I brought my five-year-old nephew to see ParaNorman and he thoroughly enjoyed the film. Although he was a bit scared at times (as it was refreshingly spookier than what we usually find in children’s movies nowadays), he joined the gang on the adventure and shared their surprise at each new twist in the story. He was disgusted by the rage of the ignorant mob of adults and sympathized with the innocent victims who bore the mental and physical violence of their wrath.
And yes, he caught the small part about the fact that one of the characters was a homosexual. He thought it was a cute joke—as it was meant to be. He was not confused by the fact that there was a gay character, nor was he shocked by the fact that the other characters did not bat an eyelash at the revelation—and he certainly did not question his own sexuality on the ride home (which many right-wing parent groups have raised concerns about).
To be clear, not all children will be as understanding about this fact— but to be fair, my nephew was not raised to be a bigot. He is fully aware that the world is made up of an amazing variety of people. From the beginning, he was taught that just as there are people who dress differently and listen to different types of music than he does, there are also people of other races, religions, and sexual orientation than his own. We do not have to teach him to be okay with this, because he was never taught not to be okay with it in the first place.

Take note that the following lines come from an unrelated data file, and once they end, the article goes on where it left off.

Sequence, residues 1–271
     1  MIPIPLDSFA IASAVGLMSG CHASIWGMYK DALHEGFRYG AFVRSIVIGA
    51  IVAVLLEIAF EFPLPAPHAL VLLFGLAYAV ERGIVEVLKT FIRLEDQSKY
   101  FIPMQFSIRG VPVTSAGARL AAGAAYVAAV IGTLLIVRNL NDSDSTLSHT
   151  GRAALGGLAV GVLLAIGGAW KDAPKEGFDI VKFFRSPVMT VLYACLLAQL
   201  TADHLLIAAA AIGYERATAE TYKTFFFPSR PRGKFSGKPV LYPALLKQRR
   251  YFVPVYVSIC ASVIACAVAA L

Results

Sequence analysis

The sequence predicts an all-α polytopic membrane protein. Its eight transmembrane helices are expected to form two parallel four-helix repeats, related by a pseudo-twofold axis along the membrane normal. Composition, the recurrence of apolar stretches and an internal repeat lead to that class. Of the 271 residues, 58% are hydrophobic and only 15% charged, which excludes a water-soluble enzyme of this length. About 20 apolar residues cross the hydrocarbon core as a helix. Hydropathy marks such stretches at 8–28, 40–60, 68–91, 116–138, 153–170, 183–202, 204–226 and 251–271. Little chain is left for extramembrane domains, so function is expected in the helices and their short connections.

As adults, we look back on our childhood and wonder how we could have been so cruel to others. As societies age, they look back the generations that came before them and wonder how they could have been so blind—how people could have allowed such injustices to happen to their fellow man, or worse, could have been a part of it, themselves. Though these hate groups never seem to realize it at the time and wholeheartedly believe that what they are doing is for the greater good, you do not have to be psychically gifted to realize that all they are doing is perpetuating fear and hatred in the world and ensuring that it will always remain that way.
As the movie shows, seldom does society learn from their past mistakes and instead commits the same horrific acts over and over under different guises, always leading humanity one step closer to its own destruction. And, although the movie sends a message that it is never too late to change and to accept others, it also issues a warning that there is some damage that can never be undone, no matter how badly you regret it later on. This film asks you to put yourself in the place of those who have been brutally persecuted for innocently leading their lives— and it sincerely hopes for a different and better future for your children.